rates as the District charges for water used aud supplied within the District of North Vancouver.
3. The City agrees to collect such rates and to pay to the District fifty per cent, of the actual
net rates collected by the City from users of water in that part of said City served by the
District's mains:
4. The City agrees to make up and render to the District an account of all such water rates
collected by it every three months, and to pay to the District, within thirty days after the
rendering of every such account, the amount shown to be due therein.
5. The District's collector shall at all times during regular office hours have access to the
books of the City to ascertain the amount of collections made by the City for water rates for
that part of said City served by the District's mains, for the purpose of verifying the accounts
hereinbefore mentioned rendered by the City to the District.
6. The City agrees to lay and maintain all its own distributing water-pipes and services
from the before-mentioned point of delivery of the water by the District.
7. In the event of the District at any time or times during the existence of this Agreement,
for any reason whatever, shutting off and not supplying water to the City for the use of residents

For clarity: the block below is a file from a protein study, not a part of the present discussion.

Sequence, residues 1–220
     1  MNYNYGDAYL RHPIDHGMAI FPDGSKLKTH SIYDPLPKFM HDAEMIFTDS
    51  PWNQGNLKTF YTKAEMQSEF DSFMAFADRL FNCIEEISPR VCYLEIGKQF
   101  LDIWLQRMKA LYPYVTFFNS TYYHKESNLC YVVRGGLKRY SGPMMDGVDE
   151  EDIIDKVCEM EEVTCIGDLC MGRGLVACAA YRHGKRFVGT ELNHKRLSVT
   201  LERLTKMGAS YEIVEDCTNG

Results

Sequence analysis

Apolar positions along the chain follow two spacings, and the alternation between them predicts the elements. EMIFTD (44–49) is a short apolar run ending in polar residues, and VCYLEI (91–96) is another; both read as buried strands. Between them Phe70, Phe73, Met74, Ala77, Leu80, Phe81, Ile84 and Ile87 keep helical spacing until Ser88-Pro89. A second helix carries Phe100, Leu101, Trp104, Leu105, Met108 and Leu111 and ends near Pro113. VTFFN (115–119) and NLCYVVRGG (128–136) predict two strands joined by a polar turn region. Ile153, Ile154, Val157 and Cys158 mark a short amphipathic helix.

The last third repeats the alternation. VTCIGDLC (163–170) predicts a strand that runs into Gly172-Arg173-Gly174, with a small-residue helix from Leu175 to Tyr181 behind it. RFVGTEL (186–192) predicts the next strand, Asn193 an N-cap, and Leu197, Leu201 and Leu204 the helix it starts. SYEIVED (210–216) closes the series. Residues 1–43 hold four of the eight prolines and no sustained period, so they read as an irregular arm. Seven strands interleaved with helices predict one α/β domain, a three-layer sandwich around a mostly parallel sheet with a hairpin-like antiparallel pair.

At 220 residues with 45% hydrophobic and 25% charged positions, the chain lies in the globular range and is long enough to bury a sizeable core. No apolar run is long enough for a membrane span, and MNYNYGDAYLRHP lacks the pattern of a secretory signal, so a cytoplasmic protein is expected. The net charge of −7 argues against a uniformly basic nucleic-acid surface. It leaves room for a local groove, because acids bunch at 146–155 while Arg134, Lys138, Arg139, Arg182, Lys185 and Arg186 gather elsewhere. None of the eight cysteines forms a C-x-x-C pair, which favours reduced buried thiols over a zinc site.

of " Tempe Heights " aforesaid for any period which in the opinion of the District Municipal
Council may be necessary, the District, its successors or assigns, shall not be liable for any
damages upon any account whatever for or in respect of the shutting-off of the water from the
City as aforesaid.
8. The City agrees to pay the District a rental of ten dollars per annum for each fire-hydrant
in that portion of the City served from the District's water-mains, payment to be made on the
first of January of each year for the rental accrued due for previous year.
9. The City agrees to supply to the District upon demand a copy of its plan of the waterworks, mains, pipes, connections, and hydrants in that portion of the City served from the
District water-mains.
10. This Agreement and the provisions and terms herein contained may be terminated at
any time upon either party giving to the other six months' notice in writing to that effect.
In witness whereof the Reeve and Clerk of the District and the Mayor and Clerk of the
City have hereunto affixed the respective corporate seals of the District and City and set their
hands the day and year first above written.
The corporate seal of the Corporation of the District of North
Vancouver was hereunto affixed in the presence of—
Reeve.
Clerk.
The corporate seal of the Corporation of the City of North Vancouver was hereunto affixed in the presence of—
[Seal.]
(Sgd.)
G. W. Vance,
Mayor.
R. F. Archibald,
Clerk. m
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Laws, 1905.
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Chap. 461, Gen.
Laws, 1910 ; chap.
354, Gen. Laws,
1901.
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Hurds. Revised
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Chap. 157, Gen.
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Chap. 350, Gen.